Lewis Griswold

Griswold: Navy revives Lemoore copter search/rescue unit

The search and rescue helicopter team at Lemoore Naval Air Station is back in business.

For Navy pilots who might have to parachute to safety in training, the revival of the unit means a quicker rescue from dangerous environments, such as the ocean or mountains.

The unit's territory includes the Pacific Ocean, Sierra Nevada, China Lake, Fallon Naval Air Station in Nevada and space in between.

A third Sikorsky MH-60S helicopter will be delivered Nov. 20.

For the general public, the search and rescue unit -- called "The Wranglers" -- means that other governmental entities such as the Park Service and local law enforcement can ask for help in emergencies such as wilderness rescue.

The Wranglers set up last month with about 40 active duty military, including pilots and crew, but must pass evaluations before being officially ready to go to work, base spokeswoman Melinda Larson said. That's expected by mid-December.

The base's previous search and rescue unit got the ax in 2004, but Lemoore's brass made the case to bring it back on the grounds that the West Coast training base for Pacific Fleet F/A-18 Hornet fighter jets needs a search and rescue unit.

MUSEUM: In a sign that a longtime dream is about to come true, ImagineU Interactive Children's Museum in Visalia announced last week that Monique Miron of CM Construction Services will be project manager for construction.

Groundbreaking will take place in spring 2013 and the museum will open a year later, said Cheryl Christman, president of the museum board.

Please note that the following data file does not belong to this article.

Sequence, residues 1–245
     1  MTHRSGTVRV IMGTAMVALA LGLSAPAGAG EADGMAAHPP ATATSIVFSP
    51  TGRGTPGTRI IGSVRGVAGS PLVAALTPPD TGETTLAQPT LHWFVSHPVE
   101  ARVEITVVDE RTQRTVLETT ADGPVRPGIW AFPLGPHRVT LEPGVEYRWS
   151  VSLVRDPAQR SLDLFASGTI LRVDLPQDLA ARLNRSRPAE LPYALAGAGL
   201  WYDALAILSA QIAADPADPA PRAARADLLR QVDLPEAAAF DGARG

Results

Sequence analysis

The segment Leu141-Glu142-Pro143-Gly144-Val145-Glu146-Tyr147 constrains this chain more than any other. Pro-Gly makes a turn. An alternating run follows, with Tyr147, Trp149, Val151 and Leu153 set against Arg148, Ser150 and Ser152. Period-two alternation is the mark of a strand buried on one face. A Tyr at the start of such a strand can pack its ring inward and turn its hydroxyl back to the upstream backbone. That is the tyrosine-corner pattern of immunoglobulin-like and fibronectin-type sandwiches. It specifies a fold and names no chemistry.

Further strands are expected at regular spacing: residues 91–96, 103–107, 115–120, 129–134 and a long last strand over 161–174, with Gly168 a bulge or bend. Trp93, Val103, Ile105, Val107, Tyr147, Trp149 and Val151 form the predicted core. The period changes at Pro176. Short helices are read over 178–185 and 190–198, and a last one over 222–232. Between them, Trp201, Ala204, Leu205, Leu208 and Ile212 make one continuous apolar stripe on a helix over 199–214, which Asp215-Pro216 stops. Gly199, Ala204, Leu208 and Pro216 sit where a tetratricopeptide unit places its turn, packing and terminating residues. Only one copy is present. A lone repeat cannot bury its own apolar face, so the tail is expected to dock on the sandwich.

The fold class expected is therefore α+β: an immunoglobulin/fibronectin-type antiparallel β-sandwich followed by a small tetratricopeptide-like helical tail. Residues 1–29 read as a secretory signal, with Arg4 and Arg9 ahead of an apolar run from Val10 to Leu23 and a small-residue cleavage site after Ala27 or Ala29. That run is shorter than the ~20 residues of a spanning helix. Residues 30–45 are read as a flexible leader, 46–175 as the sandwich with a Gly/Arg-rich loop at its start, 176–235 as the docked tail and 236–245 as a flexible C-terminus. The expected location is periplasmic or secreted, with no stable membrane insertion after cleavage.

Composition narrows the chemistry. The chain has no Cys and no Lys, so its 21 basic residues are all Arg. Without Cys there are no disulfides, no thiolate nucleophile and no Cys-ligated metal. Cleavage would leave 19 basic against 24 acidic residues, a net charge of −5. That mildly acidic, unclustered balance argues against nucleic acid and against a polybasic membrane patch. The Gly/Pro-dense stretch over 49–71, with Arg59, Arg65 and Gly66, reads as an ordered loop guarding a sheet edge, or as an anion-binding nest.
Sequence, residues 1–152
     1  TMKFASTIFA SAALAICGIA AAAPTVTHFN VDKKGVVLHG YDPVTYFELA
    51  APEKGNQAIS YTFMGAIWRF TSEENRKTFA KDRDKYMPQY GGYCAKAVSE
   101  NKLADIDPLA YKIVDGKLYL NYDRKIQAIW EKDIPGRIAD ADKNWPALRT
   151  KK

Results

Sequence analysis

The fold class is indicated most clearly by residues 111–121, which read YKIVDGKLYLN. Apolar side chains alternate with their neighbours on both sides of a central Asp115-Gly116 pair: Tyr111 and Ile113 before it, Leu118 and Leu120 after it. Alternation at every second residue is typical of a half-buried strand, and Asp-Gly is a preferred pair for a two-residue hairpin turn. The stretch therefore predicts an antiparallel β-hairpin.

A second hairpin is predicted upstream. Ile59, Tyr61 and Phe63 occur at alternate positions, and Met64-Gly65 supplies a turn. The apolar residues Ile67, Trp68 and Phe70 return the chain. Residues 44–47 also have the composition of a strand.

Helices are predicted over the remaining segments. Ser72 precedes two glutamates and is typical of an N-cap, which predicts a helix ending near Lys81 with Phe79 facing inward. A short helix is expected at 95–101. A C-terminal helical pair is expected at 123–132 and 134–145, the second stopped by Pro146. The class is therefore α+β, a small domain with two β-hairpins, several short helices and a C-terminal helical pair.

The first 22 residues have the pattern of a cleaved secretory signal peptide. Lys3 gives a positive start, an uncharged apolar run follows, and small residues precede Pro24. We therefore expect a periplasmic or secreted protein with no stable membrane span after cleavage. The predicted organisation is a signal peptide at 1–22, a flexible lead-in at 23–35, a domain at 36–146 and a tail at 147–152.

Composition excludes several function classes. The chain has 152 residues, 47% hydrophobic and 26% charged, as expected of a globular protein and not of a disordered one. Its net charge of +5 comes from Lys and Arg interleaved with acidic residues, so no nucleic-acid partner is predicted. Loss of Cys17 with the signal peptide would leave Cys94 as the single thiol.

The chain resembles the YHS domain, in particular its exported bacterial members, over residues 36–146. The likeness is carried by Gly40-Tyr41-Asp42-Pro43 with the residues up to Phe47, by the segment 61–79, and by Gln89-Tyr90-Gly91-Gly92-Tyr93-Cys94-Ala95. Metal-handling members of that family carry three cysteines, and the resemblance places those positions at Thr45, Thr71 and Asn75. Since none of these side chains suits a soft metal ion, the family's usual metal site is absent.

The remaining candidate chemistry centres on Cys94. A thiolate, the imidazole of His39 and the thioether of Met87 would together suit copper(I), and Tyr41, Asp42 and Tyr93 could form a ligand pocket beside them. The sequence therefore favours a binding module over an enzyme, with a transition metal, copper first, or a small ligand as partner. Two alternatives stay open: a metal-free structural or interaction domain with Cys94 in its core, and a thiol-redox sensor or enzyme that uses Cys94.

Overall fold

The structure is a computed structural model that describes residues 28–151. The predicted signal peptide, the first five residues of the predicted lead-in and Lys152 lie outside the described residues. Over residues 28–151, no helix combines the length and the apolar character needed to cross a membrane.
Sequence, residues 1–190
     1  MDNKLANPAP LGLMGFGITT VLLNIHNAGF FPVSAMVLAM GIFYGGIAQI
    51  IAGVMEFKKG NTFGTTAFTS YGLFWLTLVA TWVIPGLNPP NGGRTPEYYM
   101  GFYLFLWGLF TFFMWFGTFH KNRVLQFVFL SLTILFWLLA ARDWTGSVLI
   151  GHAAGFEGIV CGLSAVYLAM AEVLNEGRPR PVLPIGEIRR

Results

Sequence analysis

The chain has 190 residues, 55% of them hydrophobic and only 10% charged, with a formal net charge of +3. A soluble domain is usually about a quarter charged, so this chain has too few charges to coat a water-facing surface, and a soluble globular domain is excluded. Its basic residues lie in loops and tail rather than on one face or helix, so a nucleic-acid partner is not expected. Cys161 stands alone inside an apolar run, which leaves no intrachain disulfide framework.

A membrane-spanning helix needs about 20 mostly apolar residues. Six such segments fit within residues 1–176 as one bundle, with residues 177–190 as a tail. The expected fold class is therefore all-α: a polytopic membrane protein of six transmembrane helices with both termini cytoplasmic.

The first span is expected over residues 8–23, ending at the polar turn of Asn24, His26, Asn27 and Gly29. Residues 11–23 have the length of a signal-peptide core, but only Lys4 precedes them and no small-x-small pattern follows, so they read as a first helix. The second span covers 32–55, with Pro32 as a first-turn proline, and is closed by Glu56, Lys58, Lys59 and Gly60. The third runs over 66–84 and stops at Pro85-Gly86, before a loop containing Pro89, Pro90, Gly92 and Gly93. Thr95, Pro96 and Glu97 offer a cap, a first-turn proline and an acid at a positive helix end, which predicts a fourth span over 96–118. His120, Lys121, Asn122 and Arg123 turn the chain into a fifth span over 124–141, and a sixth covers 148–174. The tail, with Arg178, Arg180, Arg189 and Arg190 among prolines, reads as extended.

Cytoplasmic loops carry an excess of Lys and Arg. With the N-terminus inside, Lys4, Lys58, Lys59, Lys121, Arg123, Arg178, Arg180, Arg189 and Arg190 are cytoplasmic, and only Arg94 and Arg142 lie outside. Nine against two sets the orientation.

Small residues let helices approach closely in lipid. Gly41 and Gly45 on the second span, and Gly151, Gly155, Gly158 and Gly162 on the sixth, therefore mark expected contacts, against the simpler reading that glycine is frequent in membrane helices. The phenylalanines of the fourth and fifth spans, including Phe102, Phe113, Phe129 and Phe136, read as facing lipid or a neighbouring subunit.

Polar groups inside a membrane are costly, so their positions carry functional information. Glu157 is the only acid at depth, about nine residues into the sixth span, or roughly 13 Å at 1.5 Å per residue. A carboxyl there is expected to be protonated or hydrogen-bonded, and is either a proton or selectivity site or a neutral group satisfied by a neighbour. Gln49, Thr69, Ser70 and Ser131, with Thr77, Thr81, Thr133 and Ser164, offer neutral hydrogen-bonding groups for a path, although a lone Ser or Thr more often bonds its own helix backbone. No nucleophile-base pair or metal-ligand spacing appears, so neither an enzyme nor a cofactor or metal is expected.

ImagineU is the only children's museum within a three-hour drive of Visalia, she said.

The 14,000-square-foot, single-story building will be built at the southeast corner of Tipton Street and Oak Avenue. Russ Taylor of The Taylor Group is the architect.

Mill Creek runs by the site, and Brian Kempf of the Urban Tree Foundation will design a creekside trail, Christman said. Eventually, a city park will be to the east of the property.

Construction will be covered by a $5.4 million state grant from Prop. 84 parks and recreation money. Staff and programs must be covered by local fundraising, Christman said.

KIWANIS PARK: Visalia's newest neighborhood park is now open. Kiwanis Park, near McAuliff Street and Tulare Avenue in southeast Visalia, was dedicated Saturday.

The Parks and Recreation Commission asked the three Kiwanis service clubs in Visalia whether they'd like to have a park in their name, said Allison Lambert, city recreation specialist. The park has a basketball court, trail, tot lot, play area and lawn.

The Kiwanis clubs agreed to adopt the 3-acre park and do an annual cleanup.

Visalia has about 40 parks, and neighborhood parks provide open space and recreation within walking distance of homes.